https://thehill.com/policy/energy-environment/overnights/3811434-energy-environment-house-passes-first-energy-bill-of-new-congress/





Energy & Environment — House passes first energy bill of new Congress | The Hill








































AP Photo/Kiichiro Sato

The American and Chinese flags wave at Genting Snow Park ahead of the 2022 Winter Olympics on Feb. 2, 2022, in Zhangjiakou, China. The Commerce Department is tightening export controls to limit China’s ability to get advanced computing chips, develop and maintain supercomputers, and make advanced semiconductors.

The House passed a bill that would restrict sales of the country’s reserve oil to entities with Chinese ownership or influence.  

Meanwhile, a new analysis has found ExxonMobil had fairly accurate predictions on climate change in the past decades, and federal agencies are saying that last year was either the the fifth or sixth-hottest year on record.  

This is Energy & Environment, your source for the latest news focused on energy, the environment and beyond. For The Hill, we’re Rachel Frazin and Zack Budryk. Subscribe here.

SPR-China bill passes House in bipartisan vote

The House on Thursday passed a bill aimed at restricting sales from the country’s oil reserves to China. 

The legislation bars sales of oil from the Strategic Petroleum Reserve (SPR) to entities under the control, ownership or influence of the Chinese Communist Party, unless that oil will not be exported to China.  

The bill passed in a bipartisan 331-97 vote. All 97 “no” votes came from Democrats, but 113 Democrats joined all Republicans who voted in passing the measure.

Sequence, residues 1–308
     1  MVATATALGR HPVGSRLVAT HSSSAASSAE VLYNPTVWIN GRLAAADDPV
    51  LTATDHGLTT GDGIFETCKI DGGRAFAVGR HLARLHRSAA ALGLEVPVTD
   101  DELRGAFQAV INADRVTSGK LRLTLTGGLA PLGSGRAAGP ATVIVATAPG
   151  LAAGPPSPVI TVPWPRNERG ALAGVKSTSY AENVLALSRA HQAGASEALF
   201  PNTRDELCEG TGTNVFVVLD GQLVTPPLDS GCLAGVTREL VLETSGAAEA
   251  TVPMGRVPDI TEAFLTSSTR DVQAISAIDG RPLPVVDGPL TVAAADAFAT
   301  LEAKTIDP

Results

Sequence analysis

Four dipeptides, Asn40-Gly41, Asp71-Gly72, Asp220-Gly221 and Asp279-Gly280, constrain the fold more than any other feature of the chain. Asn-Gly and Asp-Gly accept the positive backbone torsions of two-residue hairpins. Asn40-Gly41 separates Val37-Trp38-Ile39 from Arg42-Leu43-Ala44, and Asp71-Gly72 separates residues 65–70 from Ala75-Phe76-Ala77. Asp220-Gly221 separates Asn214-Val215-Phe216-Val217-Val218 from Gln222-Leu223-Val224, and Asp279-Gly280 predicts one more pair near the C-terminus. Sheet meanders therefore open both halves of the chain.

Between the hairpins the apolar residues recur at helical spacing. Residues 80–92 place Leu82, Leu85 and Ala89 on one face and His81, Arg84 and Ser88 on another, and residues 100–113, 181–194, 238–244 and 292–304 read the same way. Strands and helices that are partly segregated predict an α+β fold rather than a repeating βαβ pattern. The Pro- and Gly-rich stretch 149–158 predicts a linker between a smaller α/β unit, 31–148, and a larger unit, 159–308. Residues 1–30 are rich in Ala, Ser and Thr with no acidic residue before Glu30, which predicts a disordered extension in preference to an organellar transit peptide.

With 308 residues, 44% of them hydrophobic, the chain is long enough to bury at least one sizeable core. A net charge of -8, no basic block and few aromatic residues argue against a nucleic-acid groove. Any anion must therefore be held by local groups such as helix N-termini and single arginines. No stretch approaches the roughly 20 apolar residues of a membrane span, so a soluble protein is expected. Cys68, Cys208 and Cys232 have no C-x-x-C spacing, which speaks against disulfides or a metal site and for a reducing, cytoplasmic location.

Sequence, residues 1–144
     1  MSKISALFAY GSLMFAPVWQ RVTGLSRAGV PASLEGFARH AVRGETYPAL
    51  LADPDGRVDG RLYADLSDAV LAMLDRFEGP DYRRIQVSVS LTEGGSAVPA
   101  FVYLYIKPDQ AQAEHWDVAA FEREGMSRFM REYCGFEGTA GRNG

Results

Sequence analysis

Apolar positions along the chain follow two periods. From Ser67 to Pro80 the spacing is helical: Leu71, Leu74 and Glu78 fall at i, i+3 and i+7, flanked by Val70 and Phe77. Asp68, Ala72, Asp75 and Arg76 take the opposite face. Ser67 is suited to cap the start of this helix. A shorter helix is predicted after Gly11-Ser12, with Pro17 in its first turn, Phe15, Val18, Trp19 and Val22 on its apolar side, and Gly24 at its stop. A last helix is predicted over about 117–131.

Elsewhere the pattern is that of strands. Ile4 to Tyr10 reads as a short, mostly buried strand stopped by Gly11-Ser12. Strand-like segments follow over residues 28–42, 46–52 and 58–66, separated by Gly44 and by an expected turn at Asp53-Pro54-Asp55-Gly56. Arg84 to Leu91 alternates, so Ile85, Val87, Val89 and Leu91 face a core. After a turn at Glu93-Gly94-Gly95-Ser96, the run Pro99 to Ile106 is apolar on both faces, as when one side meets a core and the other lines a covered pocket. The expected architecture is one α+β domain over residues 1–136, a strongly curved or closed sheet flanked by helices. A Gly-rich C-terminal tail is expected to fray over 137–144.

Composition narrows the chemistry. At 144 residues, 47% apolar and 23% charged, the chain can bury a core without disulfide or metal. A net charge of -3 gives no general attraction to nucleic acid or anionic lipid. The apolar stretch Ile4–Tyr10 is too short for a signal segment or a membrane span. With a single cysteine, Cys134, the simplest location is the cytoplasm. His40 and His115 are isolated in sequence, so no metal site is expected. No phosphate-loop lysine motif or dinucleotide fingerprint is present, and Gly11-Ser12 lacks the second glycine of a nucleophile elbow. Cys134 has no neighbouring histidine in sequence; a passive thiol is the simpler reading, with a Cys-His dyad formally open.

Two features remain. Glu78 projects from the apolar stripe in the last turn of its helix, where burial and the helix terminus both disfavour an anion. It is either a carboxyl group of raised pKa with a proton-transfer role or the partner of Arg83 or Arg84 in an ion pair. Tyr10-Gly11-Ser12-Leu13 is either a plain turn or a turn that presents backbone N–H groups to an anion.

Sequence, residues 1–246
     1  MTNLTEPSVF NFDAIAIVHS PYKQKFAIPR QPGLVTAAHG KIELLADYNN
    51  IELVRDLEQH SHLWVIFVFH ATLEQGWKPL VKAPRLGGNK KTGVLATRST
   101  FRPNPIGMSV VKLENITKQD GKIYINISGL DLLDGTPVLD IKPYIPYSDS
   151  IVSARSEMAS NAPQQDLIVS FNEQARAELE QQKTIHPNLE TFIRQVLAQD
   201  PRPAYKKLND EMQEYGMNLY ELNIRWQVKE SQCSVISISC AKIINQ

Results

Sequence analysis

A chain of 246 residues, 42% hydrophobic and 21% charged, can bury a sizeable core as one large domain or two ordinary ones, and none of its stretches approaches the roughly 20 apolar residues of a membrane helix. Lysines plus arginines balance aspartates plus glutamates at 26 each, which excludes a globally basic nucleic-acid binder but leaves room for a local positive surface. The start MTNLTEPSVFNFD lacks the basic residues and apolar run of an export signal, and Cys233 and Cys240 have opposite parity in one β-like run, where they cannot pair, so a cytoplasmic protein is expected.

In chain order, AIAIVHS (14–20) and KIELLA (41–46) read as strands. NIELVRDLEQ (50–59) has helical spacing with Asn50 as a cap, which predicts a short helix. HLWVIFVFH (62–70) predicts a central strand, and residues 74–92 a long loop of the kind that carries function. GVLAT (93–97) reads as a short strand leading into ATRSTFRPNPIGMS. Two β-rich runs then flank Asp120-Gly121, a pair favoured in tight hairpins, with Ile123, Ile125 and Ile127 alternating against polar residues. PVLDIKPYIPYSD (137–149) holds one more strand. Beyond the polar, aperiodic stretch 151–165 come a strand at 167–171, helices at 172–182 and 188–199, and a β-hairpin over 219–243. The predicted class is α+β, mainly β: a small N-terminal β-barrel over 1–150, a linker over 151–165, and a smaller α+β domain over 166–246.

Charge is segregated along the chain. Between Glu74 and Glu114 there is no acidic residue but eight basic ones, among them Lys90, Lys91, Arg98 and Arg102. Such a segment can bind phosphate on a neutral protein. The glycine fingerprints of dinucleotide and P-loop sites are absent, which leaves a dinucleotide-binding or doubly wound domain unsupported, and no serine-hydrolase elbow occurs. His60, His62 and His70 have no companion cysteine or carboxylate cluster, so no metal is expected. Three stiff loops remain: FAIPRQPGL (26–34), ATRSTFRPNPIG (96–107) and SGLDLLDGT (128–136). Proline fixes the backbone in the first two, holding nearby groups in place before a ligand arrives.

The bill’s prospects are uncertain in a Democrat-controlled Senate, but it still represents a significant window into Republican energy and foreign policy priorities for the new Congress.  

Expert skepticism: Tom Kloza, the global head of energy analysis at the Oil Price Information Service, has expressed skepticism about the approach in the legislation that passed on Thursday, recently telling The Hill that it sounded “pretty silly.” 

While some of the oil that was sold from the strategic reserve ended up in other countries, including China, Kloza said the impact on the U.S. economy would have been the same regardless of where those barrels went.

Some of the companies that were able to buy oil from the release are U.S. subsidiaries of foreign companies.

What each side has to say: 

  • Republicans argued the Biden administration’s move to sell off oil from the nation’s reserves last year was political — and said that if it benefitted China, it was harmful to the nation’s security.
  • “America’s SPR is meant for true energy supply disruptions, like those caused by hurricanes and natural disasters, not to help China,” said House Energy and Commerce Chair Cathy McMorris Rodgers (R-Wash.), according to a copy of her floor remarks.
  • Meanwhile, Rep. Frank Pallone (N.J.), the energy panel’s top Democrat, said he also opposes exporting U.S. oil to China, but said the GOP measure did not adequately address that issue.
  • “If Republicans were serious about addressing this issue, they would have brought forward a bill that banned all oil exports to China,” read a copy of his remarks. 

Read more about the legislation here. 

Exxon predicted current climate change in ’70s: study

Scientists at oil giant ExxonMobil accurately forecast present-day climate change going back to the late 1970s and early 1980s, a new study has found.